Bleh. Looks like Tripod ate another blog entry. Every time some like this happens I wonder if I shouldn't look for another free blog host. Google owns a blog site, right?
Called my local library today. They're holding their copy of Stefan Fatsis's Word Freak, a look into the world of competitive Scrabble. I'm interested in taking a peeking into another gamer subculture.
The nice librarian also initiated a interlibrary loan booksearch for two other books I'm interested in. The first is the omnibus edition of Storm Constantine's Wraeththu trilogy. If I'm seriously considering paying real currency for the Wraeththu rpg (should it ever see commercial release), then I ought to take a shot at reading the background material.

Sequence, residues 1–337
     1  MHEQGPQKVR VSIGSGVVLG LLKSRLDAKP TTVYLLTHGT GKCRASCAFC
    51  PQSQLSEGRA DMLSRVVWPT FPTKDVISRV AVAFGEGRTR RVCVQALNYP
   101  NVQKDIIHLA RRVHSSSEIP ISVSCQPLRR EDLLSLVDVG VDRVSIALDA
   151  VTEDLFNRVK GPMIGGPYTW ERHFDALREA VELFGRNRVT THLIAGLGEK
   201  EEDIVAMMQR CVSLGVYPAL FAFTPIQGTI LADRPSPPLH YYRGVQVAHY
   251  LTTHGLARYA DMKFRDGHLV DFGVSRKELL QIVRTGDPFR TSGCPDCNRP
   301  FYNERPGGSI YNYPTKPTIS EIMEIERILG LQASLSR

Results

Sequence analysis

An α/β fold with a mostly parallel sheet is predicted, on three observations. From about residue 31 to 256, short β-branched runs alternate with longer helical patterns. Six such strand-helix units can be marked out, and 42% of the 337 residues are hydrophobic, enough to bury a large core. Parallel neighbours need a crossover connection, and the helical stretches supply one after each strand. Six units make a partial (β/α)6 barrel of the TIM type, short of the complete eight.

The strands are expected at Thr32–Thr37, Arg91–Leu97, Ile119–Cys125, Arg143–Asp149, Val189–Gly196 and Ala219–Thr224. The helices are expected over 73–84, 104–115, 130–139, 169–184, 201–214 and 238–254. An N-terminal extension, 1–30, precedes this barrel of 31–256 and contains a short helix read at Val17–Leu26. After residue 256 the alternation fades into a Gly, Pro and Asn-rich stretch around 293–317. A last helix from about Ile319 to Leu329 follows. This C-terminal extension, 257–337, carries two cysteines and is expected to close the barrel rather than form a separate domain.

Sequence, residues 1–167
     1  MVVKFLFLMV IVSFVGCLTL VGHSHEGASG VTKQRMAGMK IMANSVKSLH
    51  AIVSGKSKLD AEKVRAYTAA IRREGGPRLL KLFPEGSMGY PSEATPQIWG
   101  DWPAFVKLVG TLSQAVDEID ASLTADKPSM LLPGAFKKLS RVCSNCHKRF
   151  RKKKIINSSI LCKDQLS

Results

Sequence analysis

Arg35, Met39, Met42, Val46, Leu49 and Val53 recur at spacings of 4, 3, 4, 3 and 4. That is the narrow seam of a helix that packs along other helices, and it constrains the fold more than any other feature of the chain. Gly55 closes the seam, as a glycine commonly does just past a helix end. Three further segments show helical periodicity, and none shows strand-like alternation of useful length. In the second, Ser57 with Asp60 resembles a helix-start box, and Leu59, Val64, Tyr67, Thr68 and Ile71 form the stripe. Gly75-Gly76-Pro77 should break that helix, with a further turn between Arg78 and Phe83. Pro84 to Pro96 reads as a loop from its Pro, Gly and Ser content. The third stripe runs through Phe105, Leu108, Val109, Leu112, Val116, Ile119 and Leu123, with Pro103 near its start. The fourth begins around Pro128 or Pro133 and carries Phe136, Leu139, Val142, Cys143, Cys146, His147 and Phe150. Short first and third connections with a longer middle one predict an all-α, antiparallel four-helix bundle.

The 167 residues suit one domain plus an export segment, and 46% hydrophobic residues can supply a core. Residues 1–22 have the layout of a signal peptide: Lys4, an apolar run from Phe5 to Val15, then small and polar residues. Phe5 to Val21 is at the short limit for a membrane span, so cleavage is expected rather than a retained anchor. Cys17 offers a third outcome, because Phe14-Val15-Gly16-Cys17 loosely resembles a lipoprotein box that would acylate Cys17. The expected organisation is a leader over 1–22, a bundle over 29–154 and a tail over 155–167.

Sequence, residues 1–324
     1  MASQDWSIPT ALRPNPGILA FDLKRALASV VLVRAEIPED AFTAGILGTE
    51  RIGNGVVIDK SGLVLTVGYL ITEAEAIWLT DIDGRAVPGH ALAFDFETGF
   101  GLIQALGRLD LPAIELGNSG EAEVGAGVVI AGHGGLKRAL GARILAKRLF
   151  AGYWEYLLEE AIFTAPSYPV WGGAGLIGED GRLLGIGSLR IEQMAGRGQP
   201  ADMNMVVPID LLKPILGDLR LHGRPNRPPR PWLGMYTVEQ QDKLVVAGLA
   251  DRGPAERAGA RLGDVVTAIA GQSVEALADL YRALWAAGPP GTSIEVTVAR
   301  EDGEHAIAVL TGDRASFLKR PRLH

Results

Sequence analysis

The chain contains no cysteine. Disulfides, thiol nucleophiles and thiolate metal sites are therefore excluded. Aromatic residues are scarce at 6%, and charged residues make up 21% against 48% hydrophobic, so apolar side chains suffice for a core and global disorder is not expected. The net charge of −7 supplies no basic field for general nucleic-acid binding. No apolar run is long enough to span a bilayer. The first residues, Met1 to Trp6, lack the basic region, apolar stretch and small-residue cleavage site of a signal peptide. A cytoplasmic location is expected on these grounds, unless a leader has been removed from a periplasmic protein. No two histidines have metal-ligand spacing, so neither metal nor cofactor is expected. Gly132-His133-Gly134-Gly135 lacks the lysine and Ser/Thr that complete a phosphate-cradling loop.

The other book I'm hoping to get my hands on is D.B. Pritchards's Encyclopedia of Chess Variants, the most comprehensive book on the subject. I'm hoping to find info on something called "Valentine's Chess", which I know nothing about save that one of the pieces is called the templar. I want to do a little article for the Chess Variants pages outlining the history of alternate chess pieces designated by the word templar. The Cv pages has two such variants, Pete Leyva's Palace Revolution and Jack Cheiky's Geodesic Chess. I've found another chess templar, described by George Jellis in his article Theory of Moves. Frank Truelove's list of fairy pieces seems to indicate that a fourth templar can be found in Pritchard's Encyclopdia under Valentine's Ch[ess]. The three known templars are all different pieces, though they are united in the fact that, as befitting a templar, they are all a knight with an additional move of some sort. Valentine's templar is an enigma.